A three-order-parameter bistable magnetoelectric multiferroic metal

Abstract

Using first-principles calculations we predict that the layered-perovskite metal Bi5Mn5O17 is a ferromagnet, ferroelectric, and ferrotoroid which may realize the long sought-after goal of a room-temperature ferromagnetic single-phase multiferroic with large, strongly coupled, primary-order polarization and magnetization. Bi5Mn5O17 has two nearly energy-degenerate ground states with mutually orthogonal vector order parameters (polarization, magnetization, ferrotoroidicity), which can be rotated globally by switching between ground states. Giant cross-coupling magnetoelectric and magnetotoroidic effects, as well as optical non-reciprocity, are thus expected. Importantly, Bi5Mn5O17 should be thermodynamically stable in O-rich growth conditions, and hence experimentally accessible.

Introduction

One of the key goals of multiferroics research1, not yet achieved after several decades, is finding a room-temperature single-phase multiferroic with large polarization and magnetization primary orders—i.e. neither being a weak side effect of other phenomena. In this context, a multiferroic metal would be of the utmost interest as the seat of robust magnetism, enabling stable and large magnetization and polarization at application-relevant temperatures, and hence a possible path to the above goal. Also, such a material would quite likely be a ferromagnet, whereas most insulating magnets are antiferromagnetic.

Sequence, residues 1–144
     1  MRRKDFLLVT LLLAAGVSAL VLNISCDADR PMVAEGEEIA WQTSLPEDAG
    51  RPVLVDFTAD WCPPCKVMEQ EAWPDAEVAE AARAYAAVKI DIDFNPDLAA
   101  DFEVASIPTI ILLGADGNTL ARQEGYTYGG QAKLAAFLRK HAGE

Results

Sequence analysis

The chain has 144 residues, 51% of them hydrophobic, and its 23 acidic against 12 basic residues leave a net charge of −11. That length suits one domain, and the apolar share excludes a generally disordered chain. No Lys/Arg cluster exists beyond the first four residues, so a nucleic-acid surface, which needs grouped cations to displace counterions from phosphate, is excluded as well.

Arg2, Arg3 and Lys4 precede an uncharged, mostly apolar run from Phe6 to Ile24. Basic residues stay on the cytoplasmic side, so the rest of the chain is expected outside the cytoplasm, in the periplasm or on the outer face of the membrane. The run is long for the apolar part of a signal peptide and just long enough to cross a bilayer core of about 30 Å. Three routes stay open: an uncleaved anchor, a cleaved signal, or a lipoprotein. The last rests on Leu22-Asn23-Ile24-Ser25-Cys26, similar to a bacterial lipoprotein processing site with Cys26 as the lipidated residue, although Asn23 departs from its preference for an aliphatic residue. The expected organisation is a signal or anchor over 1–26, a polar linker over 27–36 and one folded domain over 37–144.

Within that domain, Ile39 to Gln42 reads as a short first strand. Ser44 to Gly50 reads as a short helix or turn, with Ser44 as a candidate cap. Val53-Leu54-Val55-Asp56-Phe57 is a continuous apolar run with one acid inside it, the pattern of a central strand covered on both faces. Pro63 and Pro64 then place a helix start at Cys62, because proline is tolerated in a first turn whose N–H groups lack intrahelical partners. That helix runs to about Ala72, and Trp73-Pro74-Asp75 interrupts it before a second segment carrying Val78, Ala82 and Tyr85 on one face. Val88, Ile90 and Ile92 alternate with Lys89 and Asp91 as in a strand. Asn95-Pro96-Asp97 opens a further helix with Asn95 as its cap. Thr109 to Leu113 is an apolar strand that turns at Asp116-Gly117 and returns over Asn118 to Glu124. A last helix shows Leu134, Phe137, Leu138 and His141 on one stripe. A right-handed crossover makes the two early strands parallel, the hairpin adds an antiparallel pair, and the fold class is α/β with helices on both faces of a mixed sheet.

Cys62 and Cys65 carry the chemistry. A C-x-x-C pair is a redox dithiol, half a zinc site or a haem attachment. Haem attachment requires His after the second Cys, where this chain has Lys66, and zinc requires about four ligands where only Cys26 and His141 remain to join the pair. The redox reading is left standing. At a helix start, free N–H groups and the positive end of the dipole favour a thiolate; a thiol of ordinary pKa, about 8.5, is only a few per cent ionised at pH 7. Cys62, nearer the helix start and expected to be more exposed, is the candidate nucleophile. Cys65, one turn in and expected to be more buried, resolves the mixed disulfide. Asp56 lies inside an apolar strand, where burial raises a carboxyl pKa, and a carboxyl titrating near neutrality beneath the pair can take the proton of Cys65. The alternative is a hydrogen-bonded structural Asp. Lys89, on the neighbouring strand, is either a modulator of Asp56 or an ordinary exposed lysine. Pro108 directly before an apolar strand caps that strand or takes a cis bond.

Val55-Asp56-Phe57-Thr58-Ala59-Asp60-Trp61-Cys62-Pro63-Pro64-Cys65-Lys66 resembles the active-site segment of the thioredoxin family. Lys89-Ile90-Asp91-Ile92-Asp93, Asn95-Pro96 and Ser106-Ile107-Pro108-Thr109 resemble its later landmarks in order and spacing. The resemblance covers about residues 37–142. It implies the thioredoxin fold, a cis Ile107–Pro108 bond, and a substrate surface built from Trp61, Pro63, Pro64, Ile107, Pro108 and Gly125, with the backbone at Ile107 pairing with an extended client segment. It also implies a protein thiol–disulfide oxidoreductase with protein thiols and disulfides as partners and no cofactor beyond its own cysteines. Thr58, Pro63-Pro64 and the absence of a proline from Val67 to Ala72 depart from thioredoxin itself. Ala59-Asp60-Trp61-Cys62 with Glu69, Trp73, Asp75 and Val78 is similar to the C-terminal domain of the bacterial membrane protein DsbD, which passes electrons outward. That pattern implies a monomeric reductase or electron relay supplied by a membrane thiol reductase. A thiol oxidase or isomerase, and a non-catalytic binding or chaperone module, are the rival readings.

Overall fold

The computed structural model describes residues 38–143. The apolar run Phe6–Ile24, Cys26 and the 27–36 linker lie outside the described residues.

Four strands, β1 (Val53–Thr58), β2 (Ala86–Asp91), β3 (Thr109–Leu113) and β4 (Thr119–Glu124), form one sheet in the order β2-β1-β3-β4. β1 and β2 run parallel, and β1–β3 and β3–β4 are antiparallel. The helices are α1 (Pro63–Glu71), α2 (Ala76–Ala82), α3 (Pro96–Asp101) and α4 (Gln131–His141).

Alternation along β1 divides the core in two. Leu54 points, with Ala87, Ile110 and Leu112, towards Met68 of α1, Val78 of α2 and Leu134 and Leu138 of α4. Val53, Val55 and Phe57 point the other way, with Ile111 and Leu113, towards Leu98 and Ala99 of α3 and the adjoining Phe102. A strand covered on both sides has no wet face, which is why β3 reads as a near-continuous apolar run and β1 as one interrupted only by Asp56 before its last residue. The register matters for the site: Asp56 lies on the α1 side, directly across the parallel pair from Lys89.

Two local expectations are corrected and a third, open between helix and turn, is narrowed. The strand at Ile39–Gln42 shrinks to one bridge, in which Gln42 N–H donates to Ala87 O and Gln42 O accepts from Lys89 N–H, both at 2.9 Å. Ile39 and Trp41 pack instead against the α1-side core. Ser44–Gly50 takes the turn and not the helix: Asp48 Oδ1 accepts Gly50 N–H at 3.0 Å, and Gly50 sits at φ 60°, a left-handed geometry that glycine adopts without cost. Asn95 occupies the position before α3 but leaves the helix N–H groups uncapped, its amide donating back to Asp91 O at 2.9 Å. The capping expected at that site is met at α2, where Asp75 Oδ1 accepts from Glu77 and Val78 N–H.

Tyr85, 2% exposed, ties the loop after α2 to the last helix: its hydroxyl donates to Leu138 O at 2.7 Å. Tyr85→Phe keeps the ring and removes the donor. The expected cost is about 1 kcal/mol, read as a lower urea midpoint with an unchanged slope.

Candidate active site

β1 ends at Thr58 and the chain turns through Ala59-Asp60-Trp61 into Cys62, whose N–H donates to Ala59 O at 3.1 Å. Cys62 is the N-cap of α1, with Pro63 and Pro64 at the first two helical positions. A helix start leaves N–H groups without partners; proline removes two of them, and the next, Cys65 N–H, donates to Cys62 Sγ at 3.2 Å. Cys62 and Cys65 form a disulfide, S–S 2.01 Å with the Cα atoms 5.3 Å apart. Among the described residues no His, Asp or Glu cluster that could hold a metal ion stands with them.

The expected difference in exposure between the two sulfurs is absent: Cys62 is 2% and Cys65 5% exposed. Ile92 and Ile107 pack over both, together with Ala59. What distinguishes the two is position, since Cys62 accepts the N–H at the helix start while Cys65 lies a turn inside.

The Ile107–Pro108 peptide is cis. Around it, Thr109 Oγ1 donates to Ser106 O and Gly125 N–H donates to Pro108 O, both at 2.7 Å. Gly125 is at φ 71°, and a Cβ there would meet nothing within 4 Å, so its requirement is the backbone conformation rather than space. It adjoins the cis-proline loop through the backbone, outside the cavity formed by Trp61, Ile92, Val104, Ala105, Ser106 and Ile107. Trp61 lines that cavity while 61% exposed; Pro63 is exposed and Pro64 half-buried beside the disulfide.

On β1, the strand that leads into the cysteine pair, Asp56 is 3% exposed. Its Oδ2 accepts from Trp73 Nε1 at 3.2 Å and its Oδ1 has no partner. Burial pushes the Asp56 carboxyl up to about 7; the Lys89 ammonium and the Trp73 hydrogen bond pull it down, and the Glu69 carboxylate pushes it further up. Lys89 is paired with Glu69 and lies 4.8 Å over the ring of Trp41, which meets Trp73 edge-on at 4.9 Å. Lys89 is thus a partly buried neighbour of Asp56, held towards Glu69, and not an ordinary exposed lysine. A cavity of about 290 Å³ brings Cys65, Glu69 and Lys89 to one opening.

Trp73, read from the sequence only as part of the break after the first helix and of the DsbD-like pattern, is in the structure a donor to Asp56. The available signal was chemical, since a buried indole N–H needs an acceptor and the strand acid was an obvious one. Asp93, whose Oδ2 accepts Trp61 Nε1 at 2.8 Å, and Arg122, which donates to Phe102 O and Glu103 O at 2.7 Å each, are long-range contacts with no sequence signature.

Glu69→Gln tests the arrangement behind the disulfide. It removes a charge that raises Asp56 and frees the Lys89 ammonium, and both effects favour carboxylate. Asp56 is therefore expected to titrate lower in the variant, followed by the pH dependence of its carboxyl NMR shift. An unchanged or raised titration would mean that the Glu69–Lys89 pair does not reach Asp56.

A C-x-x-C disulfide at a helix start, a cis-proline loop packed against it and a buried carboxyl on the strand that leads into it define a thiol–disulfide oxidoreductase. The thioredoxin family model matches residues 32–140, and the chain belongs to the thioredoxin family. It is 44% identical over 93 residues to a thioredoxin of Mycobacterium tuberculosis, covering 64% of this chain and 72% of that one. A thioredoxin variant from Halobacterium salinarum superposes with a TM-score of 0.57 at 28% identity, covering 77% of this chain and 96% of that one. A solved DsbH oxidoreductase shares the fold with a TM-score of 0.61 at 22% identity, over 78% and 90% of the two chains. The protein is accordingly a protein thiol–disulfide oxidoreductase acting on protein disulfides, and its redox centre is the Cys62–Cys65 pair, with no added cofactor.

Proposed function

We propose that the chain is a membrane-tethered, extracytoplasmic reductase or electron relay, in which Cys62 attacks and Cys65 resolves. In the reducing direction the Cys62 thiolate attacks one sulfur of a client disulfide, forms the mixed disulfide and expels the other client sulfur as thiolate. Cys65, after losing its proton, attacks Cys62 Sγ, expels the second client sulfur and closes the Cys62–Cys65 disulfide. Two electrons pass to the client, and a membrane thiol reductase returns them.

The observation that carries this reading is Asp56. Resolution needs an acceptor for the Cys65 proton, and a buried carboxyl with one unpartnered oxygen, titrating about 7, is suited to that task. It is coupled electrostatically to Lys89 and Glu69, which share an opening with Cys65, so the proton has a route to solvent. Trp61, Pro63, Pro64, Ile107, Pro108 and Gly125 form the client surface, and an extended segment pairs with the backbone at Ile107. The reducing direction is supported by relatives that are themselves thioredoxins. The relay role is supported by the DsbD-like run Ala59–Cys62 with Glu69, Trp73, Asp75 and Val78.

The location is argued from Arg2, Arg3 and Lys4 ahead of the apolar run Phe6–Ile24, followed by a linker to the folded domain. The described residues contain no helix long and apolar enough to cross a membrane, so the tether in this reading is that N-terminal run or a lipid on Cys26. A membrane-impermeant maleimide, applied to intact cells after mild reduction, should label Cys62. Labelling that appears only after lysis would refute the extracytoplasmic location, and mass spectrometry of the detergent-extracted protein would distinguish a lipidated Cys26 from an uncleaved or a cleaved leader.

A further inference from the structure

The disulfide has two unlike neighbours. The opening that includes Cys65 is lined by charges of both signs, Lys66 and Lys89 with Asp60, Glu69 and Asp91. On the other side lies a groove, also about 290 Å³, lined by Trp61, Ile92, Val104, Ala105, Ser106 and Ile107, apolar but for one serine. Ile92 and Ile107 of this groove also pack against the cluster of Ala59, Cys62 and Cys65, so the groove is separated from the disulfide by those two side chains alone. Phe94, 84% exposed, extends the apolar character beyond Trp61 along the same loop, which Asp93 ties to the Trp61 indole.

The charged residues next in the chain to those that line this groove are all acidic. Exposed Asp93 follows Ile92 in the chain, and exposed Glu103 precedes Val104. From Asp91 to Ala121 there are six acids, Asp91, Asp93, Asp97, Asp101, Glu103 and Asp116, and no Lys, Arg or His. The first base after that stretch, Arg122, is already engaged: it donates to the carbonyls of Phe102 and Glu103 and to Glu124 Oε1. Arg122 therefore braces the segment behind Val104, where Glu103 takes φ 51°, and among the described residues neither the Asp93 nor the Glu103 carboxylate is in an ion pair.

Further, if additional orders2 such as e.g. ferrotoroidicity were to exist (as they do in appropriate symmetry), the mutual couplings of the various orders (e.g. magnetoelectricity) may be quite out of the ordinary. On the other hand, more than two concurrent orders rarely coexist in a multiferroic, and this is especially true of metals, where multiferroicity itself is already unexpected (ferromagnetism in metals is common, but ferroelectricity is exceedingly rare3).